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Figure Painting at The Art Students League

WARNING: There are drawings and paintings of male nudity in this post.  Please do not read any further if this is an issue for you.  Thank you.

I am taking a figure painting class Monday - Friday at The Art Students League.  And although I am taking the class five days a week, it's not a traditional class in some of the ways that so many of us are used to.  There's virtually no instruction. The teacher has spoken to me for a total of ten minutes on two occasions.  He's only present for two of the five days, and then for only part of the time.  The point of the class is to have active studio time with a live model.  And we are lucky enough to have two models -- a man and a woman.  My easel is closer to the man, so he has been my focus thus far.

The models hold the same pose for 3 weeks.  They pose in twenty-minute increments, separated by several five-minute breaks and one twenty-minute break over three-and-a-half hours each day.  I can't imagine how boring it must be to just sit there.  I feel kind of terrible for them when I see their muscles twitching with fatigue, or when you look into their faces and see the discomfort.  But I am so grateful that they're willing to do it. 

The good news is that I can feel myself improving every single day.  Here are my drawings and paintings thus far in the order they were done:

On the first day I spent the entire class time creating this portrait.  The teacher told me I needed to work on the body.

So I did a shorter sketch and moved down a bit to include his torso.  But I didn't like the composition.  It didn't tell a story.

I like the composition here a lot.  And I love how his knee cap turned out!  But that right hand -- eek!  I just could not draw it!

So this time I started my sketch focused on the hand and then drew everything else around it.  That foreshortened arm nearly killed me, but it looks pretty good now!  I'm rather proud of myself.  I didn't think I was going to be able to do it, but I did!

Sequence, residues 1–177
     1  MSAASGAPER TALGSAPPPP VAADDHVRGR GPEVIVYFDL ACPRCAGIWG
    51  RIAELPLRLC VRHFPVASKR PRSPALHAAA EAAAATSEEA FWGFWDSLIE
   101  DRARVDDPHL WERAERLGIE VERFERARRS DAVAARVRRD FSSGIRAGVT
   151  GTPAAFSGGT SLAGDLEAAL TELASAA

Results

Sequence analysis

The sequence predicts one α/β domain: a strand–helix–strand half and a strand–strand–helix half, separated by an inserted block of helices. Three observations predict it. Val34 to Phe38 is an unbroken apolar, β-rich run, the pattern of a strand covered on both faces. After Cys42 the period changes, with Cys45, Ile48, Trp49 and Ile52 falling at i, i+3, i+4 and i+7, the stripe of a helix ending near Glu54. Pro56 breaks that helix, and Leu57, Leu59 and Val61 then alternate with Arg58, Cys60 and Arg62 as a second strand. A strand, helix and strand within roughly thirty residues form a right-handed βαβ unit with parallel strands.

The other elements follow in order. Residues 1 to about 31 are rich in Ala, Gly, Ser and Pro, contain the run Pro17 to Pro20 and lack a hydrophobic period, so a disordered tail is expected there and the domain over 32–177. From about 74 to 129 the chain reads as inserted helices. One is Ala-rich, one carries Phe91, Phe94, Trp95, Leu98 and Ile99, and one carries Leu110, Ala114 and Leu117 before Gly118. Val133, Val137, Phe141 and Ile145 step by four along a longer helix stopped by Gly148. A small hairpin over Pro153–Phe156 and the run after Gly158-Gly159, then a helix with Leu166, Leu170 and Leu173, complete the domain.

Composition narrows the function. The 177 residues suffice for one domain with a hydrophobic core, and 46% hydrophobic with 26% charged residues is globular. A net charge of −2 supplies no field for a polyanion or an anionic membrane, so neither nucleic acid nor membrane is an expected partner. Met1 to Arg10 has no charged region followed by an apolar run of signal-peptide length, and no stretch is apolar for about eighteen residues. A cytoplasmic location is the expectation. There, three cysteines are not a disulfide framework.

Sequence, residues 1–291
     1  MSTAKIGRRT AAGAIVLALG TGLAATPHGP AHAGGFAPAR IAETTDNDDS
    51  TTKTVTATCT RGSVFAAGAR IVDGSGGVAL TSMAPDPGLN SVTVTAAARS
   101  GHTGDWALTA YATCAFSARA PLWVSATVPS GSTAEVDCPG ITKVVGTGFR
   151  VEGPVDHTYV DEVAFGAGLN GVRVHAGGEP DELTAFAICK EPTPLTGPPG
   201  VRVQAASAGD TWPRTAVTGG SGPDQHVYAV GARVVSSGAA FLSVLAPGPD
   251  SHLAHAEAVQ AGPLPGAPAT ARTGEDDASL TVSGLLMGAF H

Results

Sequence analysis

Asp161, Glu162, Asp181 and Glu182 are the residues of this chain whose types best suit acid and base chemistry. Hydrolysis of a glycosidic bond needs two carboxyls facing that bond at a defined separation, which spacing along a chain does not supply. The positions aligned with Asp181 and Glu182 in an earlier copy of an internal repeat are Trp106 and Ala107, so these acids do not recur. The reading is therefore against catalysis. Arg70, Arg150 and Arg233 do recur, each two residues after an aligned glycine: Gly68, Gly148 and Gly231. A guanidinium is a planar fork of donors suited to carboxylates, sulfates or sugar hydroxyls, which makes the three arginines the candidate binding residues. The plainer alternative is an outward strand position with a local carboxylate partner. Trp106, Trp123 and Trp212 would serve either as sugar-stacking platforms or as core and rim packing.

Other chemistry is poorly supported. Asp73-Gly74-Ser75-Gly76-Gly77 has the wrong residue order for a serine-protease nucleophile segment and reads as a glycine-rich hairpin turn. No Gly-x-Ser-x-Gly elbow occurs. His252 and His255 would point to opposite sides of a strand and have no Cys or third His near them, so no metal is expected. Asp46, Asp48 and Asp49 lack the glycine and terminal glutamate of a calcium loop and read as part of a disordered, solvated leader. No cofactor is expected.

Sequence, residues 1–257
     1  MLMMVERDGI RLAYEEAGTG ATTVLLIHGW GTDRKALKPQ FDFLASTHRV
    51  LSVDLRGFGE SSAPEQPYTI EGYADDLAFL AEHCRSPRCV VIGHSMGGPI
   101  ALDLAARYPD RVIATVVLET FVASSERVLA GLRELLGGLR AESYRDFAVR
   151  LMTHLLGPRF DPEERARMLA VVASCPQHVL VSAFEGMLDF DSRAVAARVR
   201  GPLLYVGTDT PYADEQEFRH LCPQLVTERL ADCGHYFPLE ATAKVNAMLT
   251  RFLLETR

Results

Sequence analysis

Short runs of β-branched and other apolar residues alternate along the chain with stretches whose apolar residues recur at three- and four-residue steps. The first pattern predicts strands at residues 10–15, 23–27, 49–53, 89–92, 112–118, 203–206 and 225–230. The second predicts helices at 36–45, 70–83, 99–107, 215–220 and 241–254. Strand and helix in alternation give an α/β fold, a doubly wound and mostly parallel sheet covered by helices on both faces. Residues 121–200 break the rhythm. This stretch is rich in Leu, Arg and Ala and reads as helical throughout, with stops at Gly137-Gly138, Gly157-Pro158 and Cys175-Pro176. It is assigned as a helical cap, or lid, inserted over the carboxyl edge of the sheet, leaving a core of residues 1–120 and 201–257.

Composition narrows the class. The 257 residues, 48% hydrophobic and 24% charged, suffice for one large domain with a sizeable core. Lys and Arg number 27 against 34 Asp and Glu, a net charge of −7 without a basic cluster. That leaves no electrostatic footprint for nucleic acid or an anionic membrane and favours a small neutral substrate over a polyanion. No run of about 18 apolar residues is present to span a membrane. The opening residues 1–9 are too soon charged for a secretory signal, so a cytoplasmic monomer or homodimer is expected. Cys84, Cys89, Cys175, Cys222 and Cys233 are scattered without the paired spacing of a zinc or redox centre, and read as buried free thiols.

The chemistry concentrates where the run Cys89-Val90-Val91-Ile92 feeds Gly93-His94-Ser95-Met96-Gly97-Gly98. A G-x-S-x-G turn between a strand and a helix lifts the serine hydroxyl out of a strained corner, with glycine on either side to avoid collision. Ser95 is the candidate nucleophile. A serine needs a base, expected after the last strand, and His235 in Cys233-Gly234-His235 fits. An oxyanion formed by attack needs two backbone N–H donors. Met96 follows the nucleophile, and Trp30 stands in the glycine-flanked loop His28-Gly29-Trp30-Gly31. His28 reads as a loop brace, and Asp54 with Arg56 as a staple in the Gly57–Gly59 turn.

Empowered by the hand, I decided to tackle another thing that scares me: feet.  This is a larger than life version of his lower leg.

This is first painting.  And to say that I had absolutely NO idea what I was doing is an understatement!  But since there was no one around to help, I just kind of did what I know how to do and I was delightfully shocked that it worked.  At first I thought that this painting was done.  But then I decided to come back to it and delve a little bit deeper.

And I do think it improved!  I love the composition and the story it tells and I feel like putting the pattern in the background was really important.

This next canvas I worked on for about a week:


I felt the proportions of the face were wrong, so I wiped the top half of his face and started again.

At this point I asked the teacher for some guidance and he did something that I absolutely *hate*: he painted on my painting. 

Personally I think you learn nothing if a teacher just goes in and touches your artwork.  A good teacher should be able to verbally guide you towards a solution.  Part of learning is figuring out how to get from an intellectual idea (i.e. the shape of this face is wrong) to a physical solution.  While I do think that you can learn from watching someone else work, if they do it on your work you don't get to practice the principle.  Sigh.

So this is what my canvas looked like after he painted on it:

He lightened the left side of the face and reshaped the right side of the face.

 The next day I attacked it with vigor!

Besides a weird lip problem, it's boring.  So I brought in some new colors.

Still got a mega lip problem.  But I'm liking what the blue and green is doing.

Lip problem fixed.  Loving the orange.

Love his face, but his body feels a little cartoonish and un-finished.  I definitely need to spend more time figuring out the subtleties of capturing the contours of a body.  Like how do you depict a hairy chest? 

But for now, I've decided that it's done.

I did a bit more sketching:

And then I decided that it was time to do a painting that felt very natural to me.  So I collaged a canvas, used some punchinella, and started splashing the paint around:

I feel like this is very "me."

Overall, I'm having a good time and feeling like I'm learning-by-doing.  I wish there were a bit more instruction, but I appreciate that I'm not being forced to do things in a certain way.  I can find my own way.  I also appreciate being forced to work with the same subject day after day.  I can see that working at a single subject for a long time is good medicine, although it does feel like medicine some days.  Mostly I feel unsure of myself.  But then again maybe I'm just looking for someone to say, "good" or "bad" so that I know where I stand.  Something for me to think about.

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